Thursday, May 21, 2020

New Rio Salado Website Now Live!

Graphic show a computer sitting on a desk

The new and improved Rio Salado website is now live! Our news stories will no longer be posted to this blog, instead they will be published on the new Rio Salado website in the "News" section. Visit to check out the new modern design and updated content in a user-friendly interface.

Wednesday, May 20, 2020

New Rio Salado Website Goes Live May 21, 2020

Graphic shows a computer sitting on a desk

Rio Salado College is excited to announce that our new and improved website will be going live on Thursday, May 21, 2020! You will see a new modern design and updated content in a user-friendly interface. This project is part of a larger district-wide web initiative to create a unified online experience across Maricopa Community Colleges. We think the new website will make finding the information you need easier when you visit Be sure to check it out on May 21!

Thursday, May 14, 2020

Share Your Story During Mental Health Awareness Month

Graphic shows a woman with her dog sitting on a mountain top overlooking a canyon

Join us as we recognize National Mental Health Awareness Month during May. While we focus on our physical wellbeing, the food we eat, exercise and getting regular check-ups for vision and dental care, we often forget to take stock of our emotional needs. Nearly 450 million people worldwide are currently living with a mental illness, yet nearly two-thirds of people with a known mental illness never seek treatment.

We encourage you to use this month to help break the stigma associated with mental health disorders by sharing your story and inspire those facing similar challenges.

Click here to learn more about mental health awareness.

Wednesday, May 13, 2020

Stipend Available for Insurance Studies Virtual Summer Camp!

graphic shows students sitting

Rio Salado College is excited to offer INS100, a unique hybrid course that gives students the opportunity to learn about the growing insurance industry and career paths available in this field.

The best part is we have 16 full scholarships available!

Scholarships include paid tuition for this course and a $100 stipend upon completion of the course with grade C or better. Students are responsible for registration fee.

The class will meet virtually via Zoom on Mondays in June (June 1, 8, 15, 22) and will continue in an online format until July 25.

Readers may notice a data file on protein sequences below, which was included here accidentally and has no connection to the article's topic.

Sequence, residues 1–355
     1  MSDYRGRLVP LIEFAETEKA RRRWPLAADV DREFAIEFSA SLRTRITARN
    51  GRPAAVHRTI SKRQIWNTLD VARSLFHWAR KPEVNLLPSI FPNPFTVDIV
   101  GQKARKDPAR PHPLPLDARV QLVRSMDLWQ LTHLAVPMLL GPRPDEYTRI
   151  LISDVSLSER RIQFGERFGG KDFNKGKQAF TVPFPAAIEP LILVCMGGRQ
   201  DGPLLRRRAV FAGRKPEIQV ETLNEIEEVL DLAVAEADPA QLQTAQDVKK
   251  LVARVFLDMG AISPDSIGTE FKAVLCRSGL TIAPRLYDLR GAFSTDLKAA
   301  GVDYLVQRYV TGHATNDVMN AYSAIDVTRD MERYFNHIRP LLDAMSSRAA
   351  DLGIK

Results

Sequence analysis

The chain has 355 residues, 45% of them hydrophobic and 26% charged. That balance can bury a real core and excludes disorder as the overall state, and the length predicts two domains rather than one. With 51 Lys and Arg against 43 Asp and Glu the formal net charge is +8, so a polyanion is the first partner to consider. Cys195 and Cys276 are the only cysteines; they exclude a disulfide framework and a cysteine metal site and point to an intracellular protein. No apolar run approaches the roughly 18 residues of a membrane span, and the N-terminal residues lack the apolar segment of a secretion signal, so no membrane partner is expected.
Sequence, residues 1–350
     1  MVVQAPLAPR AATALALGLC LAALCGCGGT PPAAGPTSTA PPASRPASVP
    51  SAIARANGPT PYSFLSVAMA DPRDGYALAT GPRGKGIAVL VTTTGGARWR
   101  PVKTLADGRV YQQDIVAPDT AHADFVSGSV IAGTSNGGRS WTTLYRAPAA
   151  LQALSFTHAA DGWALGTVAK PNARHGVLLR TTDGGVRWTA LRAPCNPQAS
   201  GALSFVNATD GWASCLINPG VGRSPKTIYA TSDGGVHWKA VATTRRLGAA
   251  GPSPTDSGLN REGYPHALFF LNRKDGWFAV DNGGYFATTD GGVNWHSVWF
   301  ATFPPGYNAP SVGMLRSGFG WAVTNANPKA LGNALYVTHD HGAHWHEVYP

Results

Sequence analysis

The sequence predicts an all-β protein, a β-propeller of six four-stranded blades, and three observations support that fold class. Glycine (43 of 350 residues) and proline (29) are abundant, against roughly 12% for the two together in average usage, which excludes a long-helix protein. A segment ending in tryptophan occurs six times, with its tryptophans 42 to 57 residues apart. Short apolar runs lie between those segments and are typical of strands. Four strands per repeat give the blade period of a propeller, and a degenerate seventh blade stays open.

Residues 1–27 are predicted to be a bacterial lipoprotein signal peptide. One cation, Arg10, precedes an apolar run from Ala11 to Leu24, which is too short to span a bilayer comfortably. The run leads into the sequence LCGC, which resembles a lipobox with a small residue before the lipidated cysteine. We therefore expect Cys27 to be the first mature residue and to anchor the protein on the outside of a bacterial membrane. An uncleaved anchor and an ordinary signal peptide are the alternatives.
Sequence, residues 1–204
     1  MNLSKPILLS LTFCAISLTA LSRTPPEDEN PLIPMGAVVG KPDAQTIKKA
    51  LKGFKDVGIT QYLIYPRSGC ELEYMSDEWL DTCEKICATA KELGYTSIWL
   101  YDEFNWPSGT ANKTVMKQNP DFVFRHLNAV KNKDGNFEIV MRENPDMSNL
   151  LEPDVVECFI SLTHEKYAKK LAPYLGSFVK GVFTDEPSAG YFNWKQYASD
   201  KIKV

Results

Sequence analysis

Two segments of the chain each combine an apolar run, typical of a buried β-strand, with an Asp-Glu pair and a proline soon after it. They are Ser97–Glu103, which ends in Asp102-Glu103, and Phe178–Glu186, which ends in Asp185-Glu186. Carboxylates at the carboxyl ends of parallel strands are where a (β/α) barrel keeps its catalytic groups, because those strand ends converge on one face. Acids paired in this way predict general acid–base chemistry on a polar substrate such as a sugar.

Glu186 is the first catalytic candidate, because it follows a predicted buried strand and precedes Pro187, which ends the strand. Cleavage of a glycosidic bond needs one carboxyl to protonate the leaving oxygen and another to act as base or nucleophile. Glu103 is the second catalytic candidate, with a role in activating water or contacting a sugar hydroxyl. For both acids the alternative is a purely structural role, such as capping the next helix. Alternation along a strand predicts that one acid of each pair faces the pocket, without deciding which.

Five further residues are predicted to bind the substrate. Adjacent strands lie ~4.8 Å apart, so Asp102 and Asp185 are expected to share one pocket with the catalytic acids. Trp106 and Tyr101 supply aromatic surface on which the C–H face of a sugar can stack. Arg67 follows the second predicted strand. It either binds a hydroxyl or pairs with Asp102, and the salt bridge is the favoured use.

Virtual Zoom Meeting Schedule (June 1, 8, 15, 22)

9:30-10 a.m. - Networking

10-11 a.m. - Lecture/Activity

11 a.m.-1 p.m. - Guest Speaker Presentation

First, register for INS100 and choose Section # 13836. You will need to pay $15 registration fee.

Second, Apply for thescholarship by May 20, 2020, here.

Third, email Dr. Lily Davidov stating you have registered for this class and applied for scholarship.

If you have any questions please contact Dr. Lily Davidov.

Tuesday, May 12, 2020

Unstoppable Adonis Watt Tackles New Challenge

Alt text 1: Adonis with his mom Veronica and little sister Sanaa at kitchen counter island opening Marvel Hero project commemorative gift box. In upper right corner is part of an image of Marvel’s Unstoppable Adonis comic book featuring an illustrated image of Adonis in his football uniform running with the ball.  Call out box reads: Go Adonis
Adonis with his mom and little sister Sanaa taking part in our video

Meet the Inspiration Behind Unstoppable Adonis, Marvel's first Braille Comic Book.

Clip from Cronkite News story featuring anchor Matt Lively and image of Adonis and Brophy football team celebrating.
Cronkite News Blind Courage video
Valley celebrity Adonis Watt became a media sensation by wowing football fans in 2019 as a freshman Brophy College Preparatory running-back who scored touchdowns— in spite of being blind. While football is his muse and his ambition is to play for the NFL, Watt has been tackling other extraordinary challenges off the field.

“He’s more than just one thing,” said his mother, Veronica Watt. “He's a student, he's an athlete, he's a scholar, he's an ambassador and he's a pioneer… he's not breaking records, he's setting records.”

Photo of Adonis on a sailboat with other buccaneers
Adonis training for Oceans of Obtacles.
Last summer, Watt joined a sailing crew called the Blind Buccaneers with 11 other blind teens from the Foundation for Blind Children, a non-profit he helps to champion.

The buccaneers embarked on a 110-mile sailing trip in the Caribbean— crewing the ship. Their journey training for and taking part in the trip was chronicled in a film called Ocean of Obstacles.

Watt also joined Brophy Prep’s track-and-field and wrestling teams.

Photo of Adonis working out on basketball court.
According to a January 2019 azcentral story by Reporter Richard Obert, which chronicled his last wrestling match, Watt pinned his opponent about a minute into the second period. This was apparently nothing new to Watt, who had a record 7-2 wins with four pins at the time.

In his spare time, Watt is learning how to play basketball.

Word got out about Watt’s drive, determination and extraordinary abilities and made its way to Disney’s Marvel Hero Project, which invited Watt to be among the first group of teens profiled in its November 2019 season premiere. Marvel published Unstoppable Adonis, its first braille comic book in Watts’ honor.

Photo of Adonis' hands reading the braille version of Unstoppable Adonis comic book, featuring an illustrated image of Adonis in his football uniform running with the ball.  Call out box reads: Go Adonis

Arizona Governor Doug Ducey recognized Watt for his achievements during his 2020 State of the State Address in January.

Clip from Governor Ducey's State of the State Address video of standing ovation in honor of Adonis

Adonis is the quintessential humble hero. “At the end of the day, I’m just being me,” said Watt. “It’s not like I’m trying to be a role model. I’m doing things I would regularly do even if I wasn’t getting all this attention for it.” 

Photo of Adonis lifting weights
“Notoriety hasn't changed him, but it's changed people who have felt held back,” wrote azcentral Reporter Richard Obert in a story about Watt. “They see or hear what Watt has done and it inspires them.” 

“He's Unstoppable Adonis the comic book right, but his life is literally him being unstoppable with his education, unstoppable with his physicality, unstoppable with his confidence, his competence and his skill,” said Veronica Watt. “He would say, don't limit yourself by accepting labels. You have a diagnosis that's a scientific conclusion but there's so much more that you are.”